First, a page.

Today will be a bit of departure. In my media ethics class, one of the participation requirements is that students use the class discussion boards to apply class subjects to current topics. Just coming off weeks on privacy, online media, and entertainment, a board discussion on Tiger Woods’ current troubles got fairly lively. Presented here without too much of my blather are some of those comments, all of which should be treated as [sic]’d.
First, there was a broad range of discussion on public figures and what exactly their right to privacy should be:
I truly think once you reach a certain level of notoriety that you lose some of the privacy. You put your life out there for others to see. Tiger took away the curtain. He invited us in, and we saw things that we shouldn’t have. It’s the risk. If you’re a responsible journalist you had absolutely no choice but to delve further into the affair side of the story. Again, he put his life out there for us to see, and he has to live with the consequences. He voluntarily gave up some degree of privacy.
He deserves his right to privacy just as much as any of us. Tiger has every right to keep this a private matter. As much as people and the media wants to know what happened, its not there right. Tiger apologizes for his mistakes and that should be enough.
When people sign contracts to become public figures, they sign away much of their privacy. Unfortunately, it’s not illegal to follow these celebrities everywhere they go (malls, clubs, etc.) pelting them with useless questions, it just shows that there are jobs available for people who want to act like douchebags.
An interesting sub-section of this has to do with the perceived protection of a public figure’s home, with “home” being understood as both an abstract and as a physical place of dwelling:
Its not our right to know the intimate details of what goes on in a family’s home. However, if you become a multi millionaire by performing a skill in front of the whole world and have a whole team of professionals to protect your image and you slip up like Tiger has, you should disclose more information than he has up to this point. He doesn’t have a problem cashing those jumbo checks that we the people accumulate the money for, but when it comes time to be truthful, he shuns us? The whole situation is still behind a foggy curtain and I feel cheated.
Public figures such as Mr. Woods do deserve a degree of privacy. However, I do not believe they should reasonably be able to expect the media to leave them alone. Celebrities often expect to be able to make millions being in the public eye through their work, endorsements and other methods, but have trouble accepting that there is a trade off. […] I believe that anything that happens within his home should be left alone, however when Tiger decided to leave his home he placed himself in the spotlight. By leaving his home he forfeited his privacy in the matter.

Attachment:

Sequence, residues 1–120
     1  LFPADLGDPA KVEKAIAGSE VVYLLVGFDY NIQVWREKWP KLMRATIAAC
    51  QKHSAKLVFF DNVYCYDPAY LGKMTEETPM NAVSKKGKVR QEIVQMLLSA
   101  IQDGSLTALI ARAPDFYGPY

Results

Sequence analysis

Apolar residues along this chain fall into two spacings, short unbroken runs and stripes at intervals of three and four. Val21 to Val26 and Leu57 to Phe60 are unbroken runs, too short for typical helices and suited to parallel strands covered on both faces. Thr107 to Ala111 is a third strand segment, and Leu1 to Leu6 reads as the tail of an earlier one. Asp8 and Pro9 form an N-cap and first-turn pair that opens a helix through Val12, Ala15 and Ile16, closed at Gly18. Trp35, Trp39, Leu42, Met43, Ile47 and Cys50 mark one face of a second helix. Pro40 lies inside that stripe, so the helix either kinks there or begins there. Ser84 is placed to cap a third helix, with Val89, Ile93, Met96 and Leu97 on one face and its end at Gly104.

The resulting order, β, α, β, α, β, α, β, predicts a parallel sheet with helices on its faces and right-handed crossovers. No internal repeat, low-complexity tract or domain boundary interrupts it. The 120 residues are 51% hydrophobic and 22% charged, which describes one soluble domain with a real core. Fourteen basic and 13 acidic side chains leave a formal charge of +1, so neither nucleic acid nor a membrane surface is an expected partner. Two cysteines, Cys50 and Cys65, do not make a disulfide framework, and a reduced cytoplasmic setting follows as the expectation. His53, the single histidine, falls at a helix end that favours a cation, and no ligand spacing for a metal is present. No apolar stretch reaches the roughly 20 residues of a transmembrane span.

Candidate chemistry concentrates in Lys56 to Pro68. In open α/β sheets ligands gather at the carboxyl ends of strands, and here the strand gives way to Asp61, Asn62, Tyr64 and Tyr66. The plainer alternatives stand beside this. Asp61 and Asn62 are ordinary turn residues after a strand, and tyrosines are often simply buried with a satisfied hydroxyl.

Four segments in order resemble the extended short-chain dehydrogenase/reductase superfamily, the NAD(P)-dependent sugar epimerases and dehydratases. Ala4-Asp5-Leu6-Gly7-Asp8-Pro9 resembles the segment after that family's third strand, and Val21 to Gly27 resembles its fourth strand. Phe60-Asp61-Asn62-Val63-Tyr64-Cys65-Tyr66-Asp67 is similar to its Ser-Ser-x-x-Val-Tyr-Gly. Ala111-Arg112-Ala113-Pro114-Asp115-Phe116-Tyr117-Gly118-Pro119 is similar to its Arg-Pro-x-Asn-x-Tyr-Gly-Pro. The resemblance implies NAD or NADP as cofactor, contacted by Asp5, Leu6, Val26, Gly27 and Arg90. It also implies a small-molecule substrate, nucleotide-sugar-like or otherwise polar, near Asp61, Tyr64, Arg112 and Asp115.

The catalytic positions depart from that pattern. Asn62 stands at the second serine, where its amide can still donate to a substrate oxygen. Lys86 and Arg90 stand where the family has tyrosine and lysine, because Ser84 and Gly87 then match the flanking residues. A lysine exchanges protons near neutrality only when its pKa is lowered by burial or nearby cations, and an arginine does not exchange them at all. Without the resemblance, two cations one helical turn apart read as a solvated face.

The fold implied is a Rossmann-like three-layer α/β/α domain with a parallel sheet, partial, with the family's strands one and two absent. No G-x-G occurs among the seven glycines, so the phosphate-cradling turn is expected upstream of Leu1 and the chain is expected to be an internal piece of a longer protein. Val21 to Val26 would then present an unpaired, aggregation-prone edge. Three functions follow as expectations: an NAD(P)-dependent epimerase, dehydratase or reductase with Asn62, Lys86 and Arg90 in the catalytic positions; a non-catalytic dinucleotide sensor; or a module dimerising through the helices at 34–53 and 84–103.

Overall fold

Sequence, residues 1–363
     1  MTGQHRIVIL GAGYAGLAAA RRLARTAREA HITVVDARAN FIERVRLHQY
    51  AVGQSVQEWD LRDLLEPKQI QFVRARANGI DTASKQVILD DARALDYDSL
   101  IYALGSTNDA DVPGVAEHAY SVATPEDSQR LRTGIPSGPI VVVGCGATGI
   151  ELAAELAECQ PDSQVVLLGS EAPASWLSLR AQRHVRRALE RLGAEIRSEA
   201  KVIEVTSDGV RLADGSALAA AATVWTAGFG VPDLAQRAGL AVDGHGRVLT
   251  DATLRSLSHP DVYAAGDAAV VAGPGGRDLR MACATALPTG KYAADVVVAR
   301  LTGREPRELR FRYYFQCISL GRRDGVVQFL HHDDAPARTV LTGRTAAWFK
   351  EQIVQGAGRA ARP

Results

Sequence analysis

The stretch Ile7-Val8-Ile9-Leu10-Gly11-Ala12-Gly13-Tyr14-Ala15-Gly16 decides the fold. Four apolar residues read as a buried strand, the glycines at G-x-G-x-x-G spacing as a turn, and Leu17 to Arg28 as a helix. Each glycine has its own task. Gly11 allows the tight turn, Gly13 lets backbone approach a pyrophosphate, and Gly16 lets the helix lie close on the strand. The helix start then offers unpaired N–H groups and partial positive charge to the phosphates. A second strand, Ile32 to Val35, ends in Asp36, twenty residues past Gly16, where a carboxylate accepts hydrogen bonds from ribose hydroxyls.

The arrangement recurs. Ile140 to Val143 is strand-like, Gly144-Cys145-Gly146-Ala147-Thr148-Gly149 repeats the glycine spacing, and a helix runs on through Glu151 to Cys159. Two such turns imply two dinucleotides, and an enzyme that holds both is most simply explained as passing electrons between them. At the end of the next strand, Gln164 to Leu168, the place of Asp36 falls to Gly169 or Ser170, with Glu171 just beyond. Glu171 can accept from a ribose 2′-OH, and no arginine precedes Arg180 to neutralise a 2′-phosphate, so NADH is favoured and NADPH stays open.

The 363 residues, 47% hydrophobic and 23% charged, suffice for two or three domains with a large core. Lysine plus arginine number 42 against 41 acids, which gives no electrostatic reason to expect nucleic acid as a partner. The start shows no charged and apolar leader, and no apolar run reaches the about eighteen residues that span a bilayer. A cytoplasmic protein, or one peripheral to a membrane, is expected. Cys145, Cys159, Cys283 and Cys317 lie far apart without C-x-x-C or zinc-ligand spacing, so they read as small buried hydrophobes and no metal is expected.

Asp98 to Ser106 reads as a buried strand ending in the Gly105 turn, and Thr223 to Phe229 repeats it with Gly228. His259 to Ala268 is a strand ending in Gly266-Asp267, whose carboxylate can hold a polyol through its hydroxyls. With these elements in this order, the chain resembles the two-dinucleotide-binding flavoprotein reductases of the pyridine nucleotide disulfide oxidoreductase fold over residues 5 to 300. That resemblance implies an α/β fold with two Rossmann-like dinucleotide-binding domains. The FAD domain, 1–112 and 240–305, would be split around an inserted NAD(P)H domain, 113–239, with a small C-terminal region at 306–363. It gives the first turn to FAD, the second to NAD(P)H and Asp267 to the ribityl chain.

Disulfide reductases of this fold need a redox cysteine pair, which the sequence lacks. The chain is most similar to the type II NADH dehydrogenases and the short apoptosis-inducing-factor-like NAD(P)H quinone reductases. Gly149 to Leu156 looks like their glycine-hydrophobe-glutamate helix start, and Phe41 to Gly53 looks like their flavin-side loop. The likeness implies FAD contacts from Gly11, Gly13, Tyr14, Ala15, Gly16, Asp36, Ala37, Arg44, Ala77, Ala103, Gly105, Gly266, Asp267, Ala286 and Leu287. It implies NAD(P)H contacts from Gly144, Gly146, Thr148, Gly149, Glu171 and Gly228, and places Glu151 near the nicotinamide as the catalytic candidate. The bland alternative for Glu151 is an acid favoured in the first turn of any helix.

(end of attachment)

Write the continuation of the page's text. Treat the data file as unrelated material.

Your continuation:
Some (god bless ’em) went to the length of applying the ethical paradigms such as the Golden Mean:
At one extreme we would not be given any details about Tiger Wood’s situation. There would be no information about the car accident or his marital struggle. At the other extreme the public would learn every little detail, down to the woman’s name that Tiger Woods is supposedly having an affair with. In the middle of these to extremes is the best course of action. This would involve informing the public of the accident, Tiger Wood’s condition, and any other factual information. If Tiger Woods wanted to disclose any more information to the public it should come straight from him.
Several students described the media in terms of having no choice in the matter, almost like a force of nature:
History has shown us that if they do it to themselves we as journalists really have no major choice but to investigate. It’s in our job descriptions.
[H]e was in a car accident which is news. A lot of details regarding regular citizens in car accidents are reported on, so journalists have a right to report this story.
Finally, an interesting point on coverage of Woods’ wife:
[A] lot of people have been asking – what will his wife do now? And they have responded by saying “she’ll stay with him because what else can she do, she was a nanny before she met him.” This is despicable. So just because she wasn’t wealthy before she met him, she’s suddenly worth nothing?
Discussions like these have been the high point of the class – there was another good one on the ethics of using Kurt Cobain’s likeness to sing Three Doors Down tunes in Guitar Hero. While you can still see some conflating of the legal and the ethical above, I’m pleased to see these future media workers teasing out some distinctions between “wants” and “needs.” More importantly, I’m glad to see them starting to understand that the answers are often complicated, and thus deserving of discussion.
Finally, I find the frequent, and often thoughtful, use of “douchebag” in ethical discussion this year to be compelling. Perhaps douchebag ethics can be an addition to Patterson & Wilkins’ next edition.